One reason that so many voters distrust our leaders is the sense that they’re constantly playing games and skirting the rules.
Like, say, enacting a huge immigration policy change within a tax-and-spend bill.
That’s what Democrats in Congress hope to do. The “Build Back Better” social legislation that the House approved Friday would continue the federal spending spree on child care, climate change mitigation and health care. And it would create a temporary legal status for millions of people who came here illegally. It’s not a path to citizenship, but it’s a first step.
It’s bad policy, bad politics and bad timing. Legalization will encourage more people to flood the southern border, after a year in which charts had to be redrawn to show the explosion in illegal immigration. The message couldn’t be clearer: Just get here and you’ll almost certainly be able to stay.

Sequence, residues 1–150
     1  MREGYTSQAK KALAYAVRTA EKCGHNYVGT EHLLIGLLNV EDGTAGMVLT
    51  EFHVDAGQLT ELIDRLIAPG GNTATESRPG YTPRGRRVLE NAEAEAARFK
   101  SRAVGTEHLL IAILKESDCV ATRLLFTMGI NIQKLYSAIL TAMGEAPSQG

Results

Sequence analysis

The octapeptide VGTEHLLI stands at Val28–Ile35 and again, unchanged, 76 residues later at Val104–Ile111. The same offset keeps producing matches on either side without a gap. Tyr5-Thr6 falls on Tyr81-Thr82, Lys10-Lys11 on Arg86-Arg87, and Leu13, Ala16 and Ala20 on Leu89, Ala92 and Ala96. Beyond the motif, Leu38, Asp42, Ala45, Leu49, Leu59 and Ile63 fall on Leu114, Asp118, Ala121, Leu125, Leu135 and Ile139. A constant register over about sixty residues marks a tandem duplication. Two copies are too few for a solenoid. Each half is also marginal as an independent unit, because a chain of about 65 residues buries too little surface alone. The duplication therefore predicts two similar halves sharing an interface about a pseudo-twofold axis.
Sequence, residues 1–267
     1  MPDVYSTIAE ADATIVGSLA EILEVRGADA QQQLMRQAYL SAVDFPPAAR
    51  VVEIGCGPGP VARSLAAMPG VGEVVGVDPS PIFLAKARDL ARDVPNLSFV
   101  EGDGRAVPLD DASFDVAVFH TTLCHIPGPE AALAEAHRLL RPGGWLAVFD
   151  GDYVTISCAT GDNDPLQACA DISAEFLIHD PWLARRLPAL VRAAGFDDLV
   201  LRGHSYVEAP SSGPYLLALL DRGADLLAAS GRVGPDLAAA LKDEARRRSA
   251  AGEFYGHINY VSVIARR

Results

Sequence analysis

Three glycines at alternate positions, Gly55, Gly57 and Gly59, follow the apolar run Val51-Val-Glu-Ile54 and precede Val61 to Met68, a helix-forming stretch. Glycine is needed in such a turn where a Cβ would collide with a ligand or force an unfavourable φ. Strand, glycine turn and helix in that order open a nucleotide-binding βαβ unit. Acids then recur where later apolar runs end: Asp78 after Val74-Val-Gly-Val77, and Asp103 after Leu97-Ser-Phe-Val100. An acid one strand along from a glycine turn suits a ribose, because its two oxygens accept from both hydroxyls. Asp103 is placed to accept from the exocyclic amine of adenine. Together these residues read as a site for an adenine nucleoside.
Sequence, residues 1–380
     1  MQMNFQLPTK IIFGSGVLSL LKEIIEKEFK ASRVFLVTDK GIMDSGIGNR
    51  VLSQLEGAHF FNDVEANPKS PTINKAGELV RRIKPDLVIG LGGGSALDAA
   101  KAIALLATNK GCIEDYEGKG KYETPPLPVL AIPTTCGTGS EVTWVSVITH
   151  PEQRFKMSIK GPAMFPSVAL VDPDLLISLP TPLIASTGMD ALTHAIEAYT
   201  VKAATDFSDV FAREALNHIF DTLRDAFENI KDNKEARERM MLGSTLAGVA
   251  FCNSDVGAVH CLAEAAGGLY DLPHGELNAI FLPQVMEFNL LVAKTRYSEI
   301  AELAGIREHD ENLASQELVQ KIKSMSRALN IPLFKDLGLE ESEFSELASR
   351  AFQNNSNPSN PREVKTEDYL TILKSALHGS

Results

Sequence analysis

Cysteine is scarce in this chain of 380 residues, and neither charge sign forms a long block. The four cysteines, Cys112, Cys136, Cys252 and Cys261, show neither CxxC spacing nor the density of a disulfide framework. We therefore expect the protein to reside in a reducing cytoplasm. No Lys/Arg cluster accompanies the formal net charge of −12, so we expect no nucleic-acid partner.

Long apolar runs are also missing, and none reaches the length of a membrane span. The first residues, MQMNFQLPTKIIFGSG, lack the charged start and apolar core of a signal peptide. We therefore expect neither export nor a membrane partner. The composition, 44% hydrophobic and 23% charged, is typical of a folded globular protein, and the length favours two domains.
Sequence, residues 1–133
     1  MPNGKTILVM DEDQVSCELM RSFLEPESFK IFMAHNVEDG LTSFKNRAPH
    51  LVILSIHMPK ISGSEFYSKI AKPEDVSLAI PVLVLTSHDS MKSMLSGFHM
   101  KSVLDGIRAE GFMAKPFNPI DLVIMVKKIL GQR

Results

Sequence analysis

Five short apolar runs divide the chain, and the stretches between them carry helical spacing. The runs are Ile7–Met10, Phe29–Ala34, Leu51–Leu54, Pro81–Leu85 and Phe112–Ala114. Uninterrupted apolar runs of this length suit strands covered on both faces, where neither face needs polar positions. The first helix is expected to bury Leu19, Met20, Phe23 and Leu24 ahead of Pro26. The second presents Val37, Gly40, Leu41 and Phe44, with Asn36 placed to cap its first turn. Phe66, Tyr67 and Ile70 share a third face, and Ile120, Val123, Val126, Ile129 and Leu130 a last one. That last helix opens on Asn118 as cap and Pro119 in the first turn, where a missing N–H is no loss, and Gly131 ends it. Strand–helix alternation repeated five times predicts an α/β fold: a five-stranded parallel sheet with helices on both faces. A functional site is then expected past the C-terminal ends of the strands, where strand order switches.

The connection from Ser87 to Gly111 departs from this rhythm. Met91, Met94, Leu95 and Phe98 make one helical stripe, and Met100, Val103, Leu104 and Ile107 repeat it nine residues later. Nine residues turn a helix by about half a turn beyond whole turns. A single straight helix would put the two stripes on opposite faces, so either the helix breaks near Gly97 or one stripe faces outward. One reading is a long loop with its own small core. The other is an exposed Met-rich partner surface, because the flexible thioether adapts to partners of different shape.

But most of all, it’s a bad way to make law. Progress on illegal immigration has been elusive, in part because our leaders have insisted on trying to solve too many problems all at once. The legal-status provisions seem unlikely to survive the Senate, where perhaps it’s dawning on lawmakers that trying to remake the world all at once creates a juicy target for the law of unintended consequences.
The first step has to be getting a handle on the flood of migrants, particularly by cracking down on asylum claims.
Then, the country needs better policies on who can come legally and why. Start with allowing more of the workers the U.S. needs. That’s not just the highly educated and most skilled — our labor shortages stretch across the economy.
Policies must be humane, too, allowing for reasonable family reunification and compassion for those in need. And millions of otherwise law-abiding residents need to be able to stay and, with the proper steps, have a chance to fully join the American family.
There’s opportunity for compromise within each of these debates. But when debate is squelched and law is made through a side door, the natural reaction is cynicism and hardened positions. And on immigration, there’s already plenty of each.
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